You will see dynamic and colorful facade lighting installations celebrating art, architecture, and acts of kindness on dark drifting clouds, beautiful old buildings, architectural squares, the city’s canals, and other city spaces around Nordhavn and Ørestad.
Experience the magic on your own or take part in one of the festival’s guided tours by segway, canal boat, kayak, or join a regular guided walk.
23. Cozy Up with a Coffee in Copenhagen
Copenhagen is a real hotspot for coffee enthusiasts!
There is no better place to embrace Danish hygge (coziness) than at a warm and charming Copenhagen coffee shop.
Enghave Kaffe is a cozy coffee shop that will feed your senses with its delectable menu of exceptional coffees.
Grab a filtered coffee crafted with Kenyan beans and cozy up at Coffee Collective’s Jægersborggade.
Prolog Coffee Bar and Darcy’s Kaffe are other great coffee shops to escape the cold.
If you want to feed your sweet tooth and pair your coffee with a tasty pastry, then consider visiting Democratic Coffee, where their almond croissant is a real star.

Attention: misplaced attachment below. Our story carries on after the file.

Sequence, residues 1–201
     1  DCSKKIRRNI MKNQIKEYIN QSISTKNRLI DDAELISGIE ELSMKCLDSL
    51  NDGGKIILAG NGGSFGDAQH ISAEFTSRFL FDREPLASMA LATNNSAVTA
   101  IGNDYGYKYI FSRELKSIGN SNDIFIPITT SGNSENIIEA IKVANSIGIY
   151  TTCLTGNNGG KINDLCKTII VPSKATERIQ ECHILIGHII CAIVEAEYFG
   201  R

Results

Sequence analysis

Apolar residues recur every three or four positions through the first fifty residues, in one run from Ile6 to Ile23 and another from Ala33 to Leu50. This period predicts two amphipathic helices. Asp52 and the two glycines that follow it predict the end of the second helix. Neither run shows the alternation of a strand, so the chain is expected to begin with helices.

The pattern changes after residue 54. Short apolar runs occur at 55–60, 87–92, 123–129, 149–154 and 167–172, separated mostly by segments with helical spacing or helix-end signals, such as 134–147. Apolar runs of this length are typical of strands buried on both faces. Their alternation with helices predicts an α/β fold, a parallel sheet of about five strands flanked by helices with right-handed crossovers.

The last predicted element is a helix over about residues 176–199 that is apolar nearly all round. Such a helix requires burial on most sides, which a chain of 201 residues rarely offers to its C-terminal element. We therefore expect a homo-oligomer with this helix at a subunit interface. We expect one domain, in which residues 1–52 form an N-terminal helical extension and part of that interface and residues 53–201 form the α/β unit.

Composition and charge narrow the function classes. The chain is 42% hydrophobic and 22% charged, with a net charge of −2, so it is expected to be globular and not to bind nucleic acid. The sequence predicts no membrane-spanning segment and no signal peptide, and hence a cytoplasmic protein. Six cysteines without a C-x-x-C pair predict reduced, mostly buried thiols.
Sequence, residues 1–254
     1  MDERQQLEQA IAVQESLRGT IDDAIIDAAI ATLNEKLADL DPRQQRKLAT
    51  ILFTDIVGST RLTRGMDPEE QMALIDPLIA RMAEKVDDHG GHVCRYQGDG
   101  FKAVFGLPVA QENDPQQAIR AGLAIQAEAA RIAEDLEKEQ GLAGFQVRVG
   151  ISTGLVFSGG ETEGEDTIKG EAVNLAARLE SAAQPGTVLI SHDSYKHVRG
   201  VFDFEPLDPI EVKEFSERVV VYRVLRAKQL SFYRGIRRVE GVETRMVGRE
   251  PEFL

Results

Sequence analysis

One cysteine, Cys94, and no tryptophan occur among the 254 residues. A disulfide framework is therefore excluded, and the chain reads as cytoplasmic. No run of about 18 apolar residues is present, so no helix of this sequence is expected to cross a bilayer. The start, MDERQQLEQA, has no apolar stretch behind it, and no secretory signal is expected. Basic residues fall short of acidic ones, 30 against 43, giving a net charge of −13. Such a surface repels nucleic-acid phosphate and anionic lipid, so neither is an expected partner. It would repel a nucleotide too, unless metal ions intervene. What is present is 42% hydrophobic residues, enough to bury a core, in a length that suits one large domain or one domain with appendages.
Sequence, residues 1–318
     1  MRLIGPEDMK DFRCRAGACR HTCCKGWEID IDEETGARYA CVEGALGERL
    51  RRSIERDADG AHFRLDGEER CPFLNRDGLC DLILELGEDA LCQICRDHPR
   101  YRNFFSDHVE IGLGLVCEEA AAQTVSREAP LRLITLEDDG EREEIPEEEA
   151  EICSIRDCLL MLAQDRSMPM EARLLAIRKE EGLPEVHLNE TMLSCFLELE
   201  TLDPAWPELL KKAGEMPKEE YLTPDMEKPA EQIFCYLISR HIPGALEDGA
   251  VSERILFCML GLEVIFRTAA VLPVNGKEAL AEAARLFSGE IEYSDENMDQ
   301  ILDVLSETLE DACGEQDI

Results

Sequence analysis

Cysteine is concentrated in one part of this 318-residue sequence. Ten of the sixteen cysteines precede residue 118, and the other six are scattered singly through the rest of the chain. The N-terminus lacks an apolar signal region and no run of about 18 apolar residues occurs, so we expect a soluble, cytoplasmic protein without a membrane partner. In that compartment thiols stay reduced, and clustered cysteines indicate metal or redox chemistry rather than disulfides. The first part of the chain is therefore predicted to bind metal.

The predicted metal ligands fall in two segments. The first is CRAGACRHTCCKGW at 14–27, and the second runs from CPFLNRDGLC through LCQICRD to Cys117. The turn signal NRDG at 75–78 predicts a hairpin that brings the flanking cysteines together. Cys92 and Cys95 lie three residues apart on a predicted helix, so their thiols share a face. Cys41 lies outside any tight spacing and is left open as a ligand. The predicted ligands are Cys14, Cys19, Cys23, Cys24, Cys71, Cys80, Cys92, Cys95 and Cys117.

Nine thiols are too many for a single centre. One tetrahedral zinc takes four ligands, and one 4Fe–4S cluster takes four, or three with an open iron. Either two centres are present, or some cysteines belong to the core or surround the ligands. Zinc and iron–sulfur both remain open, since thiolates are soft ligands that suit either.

Where to Stay in Copenhagen
Looking for the top places to stay in Copenhagen? The options below are top-rated and I even included my favorite hotel there!
- 25 Hours Hotel Indre By (my absolute favorite hotel there!)
- Hotel Ottilia by Brøchner (2nd favorite – in a historic building)
- Bryggen Guldsmeden (affordable luxury in Amager Vest)
Did I miss any amazing things to do in Copenhagen in winter?
Let me know your top winter in Copenhagen tips in the comments. Thanks!
More Denmark Travel Guides
- Best things to do in Copenhagen
- Copenhagen Airport to the city center
- Best places to visit in Denmark
- Things to do in Aarhus
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Megan is a travel blogger and writer with a background in digital marketing. Originally from Richmond, VA, she now splits her time between Frankfurt, Germany and Arctic Finland after also living in Norway, Armenia, and Kazakhstan. She has a passion for winter travel, as well as the Nordic countries, but you can also find her eating her way through Italy, perusing perfume stores in Paris, or taking road trips through the USA. Megan has written for or been featured by National Geographic, Forbes, Lonely Planet, the New York Times, and more. She co-authored Fodor’s Travel ‘Essential Norway’ and has visited 45 US states and 100+ countries.